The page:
Excerpt: “The focus on one subsector of Trump voters—the white working class—is puzzling, given the breadth of his white coalition. Indeed, there is la kind of theater at work in which Trump’s presidency is pawned off as a product of the white working class as opposed to a product of an entire whiteness that includes the very authors doing the pawning.
The Poisoned Generation
by Vann R. Newkirk II, The Atlantic
Vann Newkirk, policy writer for The Atlantic, recounts the story of a decades-long lead-poisoning lawsuit in New Orleans, illustrating how the toxin destroys black families and communities alike.
Excerpt: “Inside the apartment, her boys were insulated from the crossfire outside. But, like thousands of others seeking shelter behind the peeling walls of muffling the bubbling bass dripping from Crown Vic speakers, the poison of lead would find a way into her sons’ bodies all the same. Ryan and Ronnie, along with thousands of other poor children in New Orleans whose parents believed they could shelter their children from the violence outside, would become an entire poisoned generation.”
A Day in a Life: How Racism Impacts Families of Color [Infographic]
by Living Cities
Living Cities released a new infographic that addresses racism in all its forms, following a family of color as they encounter structural, institutional and individual racism across systems (education, health, transport, etc.) in their daily lives. Acknowledging that there is no easy way to visualize the lived experiences and oppression of people of color, Living Cities attempts to define and highlight different types of racism, and show that racism is intergenerational and pervasive. Only by driving home, over and over, how racial opportunity gaps are created and perpetuated can we—as a society—begin to dismantle them.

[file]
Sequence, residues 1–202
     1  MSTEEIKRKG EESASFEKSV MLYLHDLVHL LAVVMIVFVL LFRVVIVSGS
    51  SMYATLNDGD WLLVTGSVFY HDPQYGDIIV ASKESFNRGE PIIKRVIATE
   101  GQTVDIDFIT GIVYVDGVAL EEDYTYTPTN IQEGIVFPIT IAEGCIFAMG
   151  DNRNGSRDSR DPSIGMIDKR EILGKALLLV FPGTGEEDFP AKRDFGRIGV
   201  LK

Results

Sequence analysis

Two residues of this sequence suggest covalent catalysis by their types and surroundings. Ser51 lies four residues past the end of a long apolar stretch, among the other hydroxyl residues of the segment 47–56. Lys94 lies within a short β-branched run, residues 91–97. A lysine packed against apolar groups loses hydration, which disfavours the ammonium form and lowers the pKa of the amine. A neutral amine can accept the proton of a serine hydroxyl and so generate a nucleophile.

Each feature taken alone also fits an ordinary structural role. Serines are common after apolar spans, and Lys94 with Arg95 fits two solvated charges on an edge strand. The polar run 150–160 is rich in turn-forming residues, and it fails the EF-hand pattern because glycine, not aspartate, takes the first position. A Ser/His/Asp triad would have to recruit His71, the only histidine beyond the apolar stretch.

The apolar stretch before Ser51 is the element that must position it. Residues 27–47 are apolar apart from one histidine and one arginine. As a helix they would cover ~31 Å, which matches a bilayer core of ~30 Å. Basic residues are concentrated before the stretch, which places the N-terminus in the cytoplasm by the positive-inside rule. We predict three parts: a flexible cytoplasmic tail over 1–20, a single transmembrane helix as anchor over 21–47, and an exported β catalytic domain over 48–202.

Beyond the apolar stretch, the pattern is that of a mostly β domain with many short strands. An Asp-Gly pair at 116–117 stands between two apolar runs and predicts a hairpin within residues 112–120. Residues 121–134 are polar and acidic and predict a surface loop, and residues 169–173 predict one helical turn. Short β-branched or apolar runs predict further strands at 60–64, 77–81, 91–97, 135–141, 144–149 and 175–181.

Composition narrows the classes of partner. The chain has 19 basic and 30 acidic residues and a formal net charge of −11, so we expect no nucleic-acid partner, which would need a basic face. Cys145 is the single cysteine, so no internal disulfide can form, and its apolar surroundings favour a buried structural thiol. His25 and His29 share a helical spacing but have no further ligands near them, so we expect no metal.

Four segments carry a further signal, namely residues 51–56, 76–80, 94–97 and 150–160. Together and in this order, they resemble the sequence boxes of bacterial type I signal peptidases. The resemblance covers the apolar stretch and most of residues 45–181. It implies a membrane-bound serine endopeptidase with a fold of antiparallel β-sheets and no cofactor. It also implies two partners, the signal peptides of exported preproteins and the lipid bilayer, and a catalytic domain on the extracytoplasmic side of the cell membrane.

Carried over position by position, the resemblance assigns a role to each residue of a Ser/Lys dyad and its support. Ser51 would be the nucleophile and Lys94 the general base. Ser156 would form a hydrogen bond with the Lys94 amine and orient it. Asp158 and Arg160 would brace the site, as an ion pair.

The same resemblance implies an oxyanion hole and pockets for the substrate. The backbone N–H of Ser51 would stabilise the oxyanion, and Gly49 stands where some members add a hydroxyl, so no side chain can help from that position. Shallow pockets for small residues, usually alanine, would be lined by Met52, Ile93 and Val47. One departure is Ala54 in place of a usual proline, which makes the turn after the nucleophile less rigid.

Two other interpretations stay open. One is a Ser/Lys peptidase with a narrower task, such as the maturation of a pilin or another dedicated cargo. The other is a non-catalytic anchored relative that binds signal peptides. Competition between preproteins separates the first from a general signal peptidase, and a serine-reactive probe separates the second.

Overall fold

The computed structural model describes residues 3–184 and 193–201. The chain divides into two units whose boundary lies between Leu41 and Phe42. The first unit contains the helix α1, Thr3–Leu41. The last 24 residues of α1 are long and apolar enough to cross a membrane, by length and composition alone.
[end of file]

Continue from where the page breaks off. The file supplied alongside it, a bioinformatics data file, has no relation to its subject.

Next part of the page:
Is it Who You Are or Where You Live? Residential Segregation and Racial Gaps in Childhood Asthma
by Diane Alexander & Janet Currie, National Bureau of Economic Research
This working paper indicates that residential neighborhoods contribute to racial disparities. Higher asthma rates are one of the most obvious ways that health inequalities between African American and other children are manifested beginning in early childhood. Using a unique data set based on health records of all children born in New Jersey between 2006 and 2010, authors Alexander & Currie argue their findings show the important role of neighborhoods in the differences between black asthma rates and non-black rates. Their results point to the residential segregation and neighborhoods to explaining persistent racial health disparities.
Making Sense of the Violence in Charlottesville
by Elizabeth Klein & James Forman Jr., The Atlantic